Everything that grows also changes its structure. Just as
a growing tree constantly changes the shape, size, and configuration
of its branches, a growing economy changes the proportions
and interrelations among its basic sectors- agriculture,
and between other sectors- rural and urban, public and private,
domestic- and export-oriented (Chapters 10,
11, and 12).
Are there common patterns in how growing economies change?
Which changes should be promoted and which should be discouraged?
Think about these questions while reading this chapter and
the three that follow it.
One way to look at the structure of an economy is to compare
the shares of its three main sectors-agriculture, industry,
and services- in the country's total output (Figure
9.1) and employment1.
Initially, agriculture is a developing economy's most important
sector. But as income per capita rises, agriculture loses
its primacy, giving way first to a rise in the industrial
sector, then to a rise in the service sector. These two
consecutive shifts are called industrialization
(or "deindustrialization"). All growing economies are likely
to go through these stages, which can be explained by structural
changes in consumer demand and in the relative labor productivity
of the three main economic sectors.
As people's incomes increase, their demand for food- the
main product of agriculture- reaches its natural limit,
and they begin to demand relatively more industrial goods.
At the same time, because of new farm techniques and machinery,
labor productivity increases faster in agriculture than
in industry, making agricultural products relatively less
expensive and further diminishing their share in gross
domestic product (GDP). The same trend in
relative labor productivity also diminishes the need for
agricultural workers, while employment opportunities in
industry grow. As a result industrial output takes over
a larger share of GDP than agriculture and employment in
industry becomes predominant.
As incomes continue to rise, people's needs become less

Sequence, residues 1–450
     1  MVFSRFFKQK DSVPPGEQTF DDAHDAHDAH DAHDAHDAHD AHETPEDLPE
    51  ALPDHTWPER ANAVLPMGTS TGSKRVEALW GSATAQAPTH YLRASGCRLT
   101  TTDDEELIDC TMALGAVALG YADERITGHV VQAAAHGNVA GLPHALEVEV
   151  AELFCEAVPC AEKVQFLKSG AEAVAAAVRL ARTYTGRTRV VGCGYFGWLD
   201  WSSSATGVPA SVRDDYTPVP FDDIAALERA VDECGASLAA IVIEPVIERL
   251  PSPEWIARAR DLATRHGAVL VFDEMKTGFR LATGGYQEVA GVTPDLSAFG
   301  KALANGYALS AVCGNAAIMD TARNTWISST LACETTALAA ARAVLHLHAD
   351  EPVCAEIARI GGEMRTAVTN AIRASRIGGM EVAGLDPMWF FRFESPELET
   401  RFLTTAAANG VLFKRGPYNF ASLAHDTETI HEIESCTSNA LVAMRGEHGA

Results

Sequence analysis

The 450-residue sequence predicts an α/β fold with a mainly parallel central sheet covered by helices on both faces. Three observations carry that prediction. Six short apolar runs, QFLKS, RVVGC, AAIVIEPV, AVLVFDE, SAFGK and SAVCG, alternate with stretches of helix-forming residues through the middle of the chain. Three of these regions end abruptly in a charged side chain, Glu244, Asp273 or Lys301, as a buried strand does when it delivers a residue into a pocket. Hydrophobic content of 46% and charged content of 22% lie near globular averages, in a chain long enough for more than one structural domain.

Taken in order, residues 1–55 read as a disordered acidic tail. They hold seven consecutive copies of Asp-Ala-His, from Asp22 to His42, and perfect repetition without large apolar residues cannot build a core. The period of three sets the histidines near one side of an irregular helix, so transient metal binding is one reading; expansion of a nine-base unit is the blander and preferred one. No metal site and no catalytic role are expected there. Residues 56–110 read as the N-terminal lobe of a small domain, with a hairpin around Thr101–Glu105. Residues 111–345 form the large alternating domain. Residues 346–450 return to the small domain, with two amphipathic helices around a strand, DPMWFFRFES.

"material" and they begin to demand more services- in health,
education, entertainment, and many other areas. Meanwhile,
labor productivity in services does not grow as fast as
it does in agriculture and industry because most service
jobs cannot be filled by machines. This makes services more
expensive relative to agricultural and industrial goods,
further increasing the share of services in GDP. The lower
mechanization of services also explains why employment in
the service sector continues to grow while employment in
agriculture and industry declines because of technological
progress that increases labor productivity and eliminates
jobs. (Figure 9.2). Eventually the
service sector replaces the industrial sector as the leading
sector of the economy.
countries today are postindustrializing-
becoming less reliant on industry- while most low-income
countries are industrializing- becoming more
reliant on industry (Figure 9.3).
But even in countries that are still industrializing, the
service sector is growing relative to the rest of the economy
(Data Table 2). By the mid-1990s
services accounted for almost two-thirds of world GDP (Map
9.1), up from about half in the 1980s.
The service sector produces "intangible" goods, some well-known-
government, health, education- and some quite new-modern
communications, information, and business services. Producing
services tends to require relatively less natural
capital and more human
capital than producing agricultural or industrial
goods. As a result demand has grown for more educated workers,
prompting countries to invest more in education- an overall
benefit to their people. Another benefit of the growing
service sector is that by using fewer natural
resources than agriculture or industry, it
puts less pressure on the local, regional, and global environment.
Conserving natural capital and building up human capital
may help global development become more environmentally
and socially sustainable.
Growth of the service sector will not, however, be a miracle
solution to the problem of sustainability,
because agricultural and industrial growth are also necessary
to meet the needs of the growing world population.
In formerly planned economies the service sector was previously
underdeveloped because governments controlled supply and
failed to respond to growing demand for services. In addition,
many modern services that play an important role in market
economies- such as financial, business, and real estate
services- were not needed under socialism. During these
countries' transition to market economies, their service
sectors have grown rapidly to meet previously unfulfilled
demand and the needs of the emerging private sector.
Growth of services in transition economies is particularly
important because it allows these economies to employ a
share of the educated labor
force that might otherwise be unemployed
due to the economic crisis. So, in addition to continued
public support for health and education, growth of services
can help formerly socialist countries preserve the stock
of human capital that will be crucial to their postindustrial
Think of the service industries that you consider particularly
important for your country's sustainable development from
different perspectives- economic, social, and environmental.
1 Agriculture here refers to crop cultivation,
livestock production, forestry, fishing, and hunting. Industry
includes manufacturing, mining, construction, electricity,
water, and gas. Services cover all other economic activities,
including trade, transport, and communications; government,
financial, and business services; and personal, social, and